(This started as a tangent to today’s Left Behind post, but since it quickly grew too long and too tangential, I’m cutting it there and posting it here.)
I don’t know if the idea for Guaranteed Overnight Theater originated with the late, great Brick Playhouse on South Street or if the folks who ran the Brick got it from somewhere else. I also don’t know if any theater anywhere is still doing such a thing (some quick Googling finds a few groups experimenting with it, and rumor has it Philly’s Actor’s Center has picked up the torch, but I’m out of that loop nowadays).
I’ll try to explain it here in a bit more detail because it was pretty awesome and because the idea deserves to be continued, revived, attempted and duplicated elsewhere. It’s fun. I think it’s a terrific model for high school, college or community theater groups to play with — or even for church youth groups who want to try something a little different for their next mission-trip fundraiser.
Here, roughly, is how it sometimes worked: Everybody meets at the theater (or coffee house, or church basement) on Friday night at 9. Nothing has yet been written, cast or rehearsed, but 24 hours later — on Saturday night at 9 — you’ll be staging a series of short plays as a full production for a paying audience.
There’s a table on the stage with six hats. Each is labeled with some broad topic — something like Prop, Setting, Genre, Phrase, Song, Costume, Incident, etc. This part works a bit like the set-up for a game of charades. Everybody writes ideas for each of the various categories on little slips of paper and puts them into the various hats. “Blue carnation,” “Paris, 1943,” “romantic comedy,” “This is all your fault, Mr. Donovan,” “Gonna Make You Sweat,” “stovepipe hat,” “a betrayal,” etc.
OK, so — writers sit over there, actors over there, directors over there. These categories will need to be a bit flexible, since you’ll need one director for every writer and enough actors to go around.
Right then, how many writers have you got? Let’s say six. Actors count off into casts, please. One, two, three, four, five, six. One, two, three … Now each writer knows the shape and size of their designated cast and each cast is assigned a director.
Now each writer knows how they will be spending the next 12 hours. One will be writing a short play for three women and two men, set on a spaceship in a distant galaxy and including the phrase, “These cookies are almost as good as the ones Mom made.” Another will be writing a short play for one woman and three men and it will have to feature a picnic basket, a platinum-blonde wig, and a case of mistaken identity. Another will be writing a murder mystery for five women somehow incorporating a skateboard, a calico dress, and the phrase “I should have remembered that before I ordered the salmon.” Et cetera.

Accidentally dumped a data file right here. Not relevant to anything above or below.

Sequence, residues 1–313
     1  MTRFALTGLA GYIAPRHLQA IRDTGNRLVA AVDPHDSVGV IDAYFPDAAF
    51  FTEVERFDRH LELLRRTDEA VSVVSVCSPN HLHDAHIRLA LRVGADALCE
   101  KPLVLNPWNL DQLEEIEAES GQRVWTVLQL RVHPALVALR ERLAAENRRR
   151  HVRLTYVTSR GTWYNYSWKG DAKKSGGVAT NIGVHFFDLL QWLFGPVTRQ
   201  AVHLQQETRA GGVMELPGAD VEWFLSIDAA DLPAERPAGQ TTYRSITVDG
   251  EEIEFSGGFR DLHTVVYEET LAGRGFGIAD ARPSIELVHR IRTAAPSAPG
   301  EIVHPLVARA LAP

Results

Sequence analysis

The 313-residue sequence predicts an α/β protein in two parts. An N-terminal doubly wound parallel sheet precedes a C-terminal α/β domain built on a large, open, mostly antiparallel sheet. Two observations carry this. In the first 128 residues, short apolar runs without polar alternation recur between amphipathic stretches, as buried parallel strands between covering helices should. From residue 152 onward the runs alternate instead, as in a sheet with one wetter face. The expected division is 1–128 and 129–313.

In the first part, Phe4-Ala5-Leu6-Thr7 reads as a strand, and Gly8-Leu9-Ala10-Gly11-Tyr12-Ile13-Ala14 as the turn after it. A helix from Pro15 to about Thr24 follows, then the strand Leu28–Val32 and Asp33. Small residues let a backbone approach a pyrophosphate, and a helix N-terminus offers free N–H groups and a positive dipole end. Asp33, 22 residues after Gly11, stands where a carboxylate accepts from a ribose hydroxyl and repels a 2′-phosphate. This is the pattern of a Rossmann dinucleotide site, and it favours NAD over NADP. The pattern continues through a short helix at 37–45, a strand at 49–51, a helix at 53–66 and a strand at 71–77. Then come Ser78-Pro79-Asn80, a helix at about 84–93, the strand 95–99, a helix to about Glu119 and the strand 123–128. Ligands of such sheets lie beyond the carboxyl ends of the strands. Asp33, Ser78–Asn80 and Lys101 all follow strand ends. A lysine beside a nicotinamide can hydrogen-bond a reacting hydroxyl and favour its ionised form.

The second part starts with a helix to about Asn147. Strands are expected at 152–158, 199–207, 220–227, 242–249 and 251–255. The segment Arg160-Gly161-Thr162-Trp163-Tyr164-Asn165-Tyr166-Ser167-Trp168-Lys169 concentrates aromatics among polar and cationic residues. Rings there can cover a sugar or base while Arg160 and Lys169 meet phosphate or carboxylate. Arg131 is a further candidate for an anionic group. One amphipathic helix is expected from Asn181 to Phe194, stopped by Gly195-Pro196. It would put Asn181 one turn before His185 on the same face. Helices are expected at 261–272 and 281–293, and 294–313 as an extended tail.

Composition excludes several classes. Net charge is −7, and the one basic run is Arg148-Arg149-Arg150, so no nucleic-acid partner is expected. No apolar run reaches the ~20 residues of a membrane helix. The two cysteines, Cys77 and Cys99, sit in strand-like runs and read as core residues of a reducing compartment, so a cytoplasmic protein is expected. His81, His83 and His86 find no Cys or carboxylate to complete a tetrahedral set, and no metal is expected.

The writers have until 9 a.m. on Saturday, when everyone again assembles at the theater. The writers hand over their completed scripts to the directors and then go home to sleep. The actors of the various casts spend the next 12 hours memorizing lines, blocking and rehearsing the plays as their directors scramble to figure out some way to bring them to the stage by 9 o’clock. The box office opens at 8:30.
The whole experience tended to be a glorious illustration of what Stoppard/Rush/Henslowe described so well in Shakespeare in Love:
HENSLOWE: Mr. Fennyman, allow me to explain about the theatre business. The natural condition is one of insurmountable obstacles on the road to imminent disaster.
FENNYMAN: So what do we do?
HENSLOWE: Nothing. Strangely enough, it all turns out well.
HENSLOWE: I don’t know. It’s a mystery.
Like improv, it didn’t always work, exactly. Maybe it didn’t even usually work. Many of the short plays created overnight seemed more like hit-or-miss comedy sketches or discarded pages from Christopher Durang’s notebooks.
But when it did somehow mysteriously all come together it could be magical. And even when that didn’t quite happen, the evening had the energy and adrenaline of its without-a-net audacity. The audience paid its 10 buck a head and went away happy because even if they hadn’t witnessed the creation of enduring art, they’d gotten to see a bunch of people swinging for the fences and just watching that attempt is kind of inspiring. And taking the risk of making that attempt is even more so.
I you hear of anyone doing anything like this near you, be sure not to miss it. Try it out from the audience first, then take the plunge and sign up as an actor, a writer or director. Dare to eat a peach. At several points during that hectic 26 hours, you’ll probably hate me for having suggested such a thing, but you’ll change your mind by final curtain — at which point you may be thinking about how to do this even better next time.